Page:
Seawolf Strategies: Planning for the future

Feedback is an important concept, one that should not be overlooked in any way, shape or form. The university is now seeking a specific type of feedback concerning a document now available for Sonoma State University students titled “DRAFT Strategic Plan Revision 2014-2019,” which is available to view at sonoma.edu/senate/documents/planning.

Originally approved and drafted in 2009, the original plan covered the academic years of 2008-2013, focusing on key areas of importance including innovation of programs, the university’s values and how to achieve these accomplishments.

It’s now time to update the strategic plan, and the university would like to get student input.

After reviewing the outlined list of goals ourselves, we would like to provide our own feedback on the strategic plan, with an eye toward the most impactful positive changes and a focus on how well the university’s efforts have fared thus far.

The first key area of importance concerns the student experience, and how SSU strives to value and promote diversity, as well as respect and civility toward others. While there have been acts of discrimination and an overall lack of diversity in the campus within the past year, strong efforts have been made to bring awareness to the issue.

One possible, yet perhaps unintentional, way of addressing this was the opening of the Student Center last year. With so many ways to connect with the campus as a whole in one central area, the building is ultimately designed to bring Seawolves closer together. A place like The HUB is a prime example of how diversity is being positively reflected amongst the campus community.

Adding on to diversity is the idea of inclusiveness and the goal of recruiting and supporting students, faculty and staff population. With the university this year welcoming the largest freshman class and the largest overall group of students in our history, one can say that SSU is certainly starting things off right this year. But concerns remain about how this will impact the availability of classes for students.

Moving on to academic programs, one of the university’s proposed goals is to provide plenty of balanced support for a high-quality, broad and relevant curriculum in General Education, as well as majors and graduate programs. Despite reoccurring complaints over class availability, and having to take a set number of upper division GE units, we’re seeing a change in the right direction, such as the freshman learning experience.

First-year students are introduced to Freshman Learning Communities, which allows them to gain solid structure while searching for an academic path. If our campus can find a way to continue this walkthrough in the other three primary years, we should see less frustrated and lost students going forward.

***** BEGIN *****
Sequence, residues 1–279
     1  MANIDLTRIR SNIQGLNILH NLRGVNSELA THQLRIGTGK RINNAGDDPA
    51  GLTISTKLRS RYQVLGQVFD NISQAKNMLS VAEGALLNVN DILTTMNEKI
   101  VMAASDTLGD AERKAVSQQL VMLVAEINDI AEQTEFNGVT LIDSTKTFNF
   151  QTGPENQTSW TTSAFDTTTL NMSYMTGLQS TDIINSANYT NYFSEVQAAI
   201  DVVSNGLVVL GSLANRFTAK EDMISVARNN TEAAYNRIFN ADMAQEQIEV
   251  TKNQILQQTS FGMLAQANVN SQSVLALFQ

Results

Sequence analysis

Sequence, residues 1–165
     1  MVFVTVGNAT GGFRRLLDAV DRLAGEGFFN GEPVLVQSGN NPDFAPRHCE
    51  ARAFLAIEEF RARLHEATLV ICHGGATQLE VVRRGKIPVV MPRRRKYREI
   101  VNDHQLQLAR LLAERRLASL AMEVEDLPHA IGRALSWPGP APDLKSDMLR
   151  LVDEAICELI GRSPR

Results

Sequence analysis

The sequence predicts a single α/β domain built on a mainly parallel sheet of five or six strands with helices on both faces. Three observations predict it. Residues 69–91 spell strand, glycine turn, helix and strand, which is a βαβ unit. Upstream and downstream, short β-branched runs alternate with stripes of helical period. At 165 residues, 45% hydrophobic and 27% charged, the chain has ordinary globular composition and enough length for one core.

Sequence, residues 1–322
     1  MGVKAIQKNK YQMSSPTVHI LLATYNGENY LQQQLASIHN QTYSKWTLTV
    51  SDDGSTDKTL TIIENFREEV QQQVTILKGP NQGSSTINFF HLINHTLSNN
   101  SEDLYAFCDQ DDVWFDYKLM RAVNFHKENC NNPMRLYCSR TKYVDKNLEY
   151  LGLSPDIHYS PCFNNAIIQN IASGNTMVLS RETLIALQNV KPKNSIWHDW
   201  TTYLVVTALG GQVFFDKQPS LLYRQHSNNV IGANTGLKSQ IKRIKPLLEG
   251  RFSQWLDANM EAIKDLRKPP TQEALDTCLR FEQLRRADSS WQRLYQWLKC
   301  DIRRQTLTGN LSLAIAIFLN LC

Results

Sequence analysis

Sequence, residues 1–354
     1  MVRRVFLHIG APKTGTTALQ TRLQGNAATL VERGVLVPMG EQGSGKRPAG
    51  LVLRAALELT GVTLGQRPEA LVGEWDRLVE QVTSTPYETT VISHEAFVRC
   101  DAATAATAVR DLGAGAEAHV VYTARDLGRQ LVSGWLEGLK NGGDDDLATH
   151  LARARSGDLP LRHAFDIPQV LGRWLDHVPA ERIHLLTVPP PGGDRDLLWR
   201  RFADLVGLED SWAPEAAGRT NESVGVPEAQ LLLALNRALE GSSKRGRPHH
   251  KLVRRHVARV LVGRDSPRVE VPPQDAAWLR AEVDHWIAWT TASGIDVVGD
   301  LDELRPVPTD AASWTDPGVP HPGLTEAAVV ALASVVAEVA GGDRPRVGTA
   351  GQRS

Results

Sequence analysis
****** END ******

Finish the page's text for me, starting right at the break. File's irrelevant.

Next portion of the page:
How about our faculty and staff? Another goal that seems most relevant is the increase in teaching effectiveness through use of appropriate technology in and out of the classroom. State-of-the-art computers are becoming the norm in our everyday classes, but many of our teachers have yet to adapt and understand how to utilize them properly.

One way, which also ties into the category of intellectual curiosity, is to ensure enough relevant tools for staff and students, such as a reduction of required textbooks to purchase, moving toward a more online-centered format through electronic and audiobooks. Nothing beats saving a bit of money, while also having less to carry on a day-to-day basis.

Speaking of saving money, one way the university has been able to so is through community involvement and civic engagement goals, in striving to build collaborative relationships with the local areas to help raise the educational, social, cultural and economic development.

There are many companies that now recognize students as Seawolves, whether they’re grabbing pizza at the Wolf Den Plaza, setting up a new mobile plan or starting a website. SSU’s education program offers its students with discounts guaranteed to make you happy you chose this campus.

Two goals under the categories of sustainability and globalization appear to be coming together quite well, those being developing sustainability initiatives in the community, as well as a financial model to support SSU international education.

The seemingly never-ending drought in California has made sustainability a top priority, and it’s a nice reminder to see how many plastic bottles are being saved with the help of the new drinking fountains inside several campus buildings. And as far as the experiences of international students go, from our perspective there have been many who’ve enjoyed the living accommodations we have to offer.

Overall, we have three primary areas of concern. The first being an overhaul of optimal enrollment targets, making sure to maximize student graduation and satisfaction. The other two concerns are ensuring fees don’t go up after several years of increases, and providing needed space capacity for student residences, such as more parking availability.

After several years of tight budgets, course reductions and soaring fees, the university appears to be heading in a better direction from a student perspective. But whatever strategic plan the university comes up for the years to come needs to remain focused on ensuring a more positive academic experience for students, and less of hit on their wallets.